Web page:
Please use this url to cite or link to this publication:
author
organization
publishing date
type
Contribution to journal
publication status
published
subject
in
British Journal of Sports Medicine
volume
51
pages
525 - 530
publisher
BMJ Publishing Group
external identifiers
  • scopus:84988481804
  • wos:000394542700013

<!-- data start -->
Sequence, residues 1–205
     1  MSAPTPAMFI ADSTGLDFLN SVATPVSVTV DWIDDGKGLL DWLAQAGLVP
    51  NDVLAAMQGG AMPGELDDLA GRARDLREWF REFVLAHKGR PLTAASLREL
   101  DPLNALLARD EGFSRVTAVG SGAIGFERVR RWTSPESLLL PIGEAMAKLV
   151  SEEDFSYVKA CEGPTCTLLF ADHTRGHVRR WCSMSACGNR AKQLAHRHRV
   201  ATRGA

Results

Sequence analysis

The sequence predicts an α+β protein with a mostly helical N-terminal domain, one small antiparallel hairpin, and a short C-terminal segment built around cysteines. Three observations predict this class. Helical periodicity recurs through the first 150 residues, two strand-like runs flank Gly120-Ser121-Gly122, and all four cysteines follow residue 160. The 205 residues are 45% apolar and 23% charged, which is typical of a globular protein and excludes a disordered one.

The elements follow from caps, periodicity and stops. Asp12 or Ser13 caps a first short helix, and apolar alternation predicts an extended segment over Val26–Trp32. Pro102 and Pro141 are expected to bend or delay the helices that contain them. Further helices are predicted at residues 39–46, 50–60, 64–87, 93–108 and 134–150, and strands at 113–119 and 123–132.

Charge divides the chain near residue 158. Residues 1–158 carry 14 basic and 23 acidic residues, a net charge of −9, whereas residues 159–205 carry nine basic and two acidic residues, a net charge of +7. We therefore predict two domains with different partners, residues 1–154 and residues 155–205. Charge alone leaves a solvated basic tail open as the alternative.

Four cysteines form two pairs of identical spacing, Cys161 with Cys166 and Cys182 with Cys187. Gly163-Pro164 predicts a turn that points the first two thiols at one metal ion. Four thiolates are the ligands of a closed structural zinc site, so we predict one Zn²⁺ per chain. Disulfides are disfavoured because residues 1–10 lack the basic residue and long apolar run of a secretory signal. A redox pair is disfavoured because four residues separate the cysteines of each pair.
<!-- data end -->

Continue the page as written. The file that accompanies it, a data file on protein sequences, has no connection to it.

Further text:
ISSN
0306-3674
DOI
10.1136/bjsports-2016-096456
language
English
LU publication?
yes
id
8e01b9eb-7250-4914-83a6-22962fd1cea5
date added to LUP
2016-10-28 16:03:49
date last changed
2018-01-07 11:32:40
@article{8e01b9eb-7250-4914-83a6-22962fd1cea5,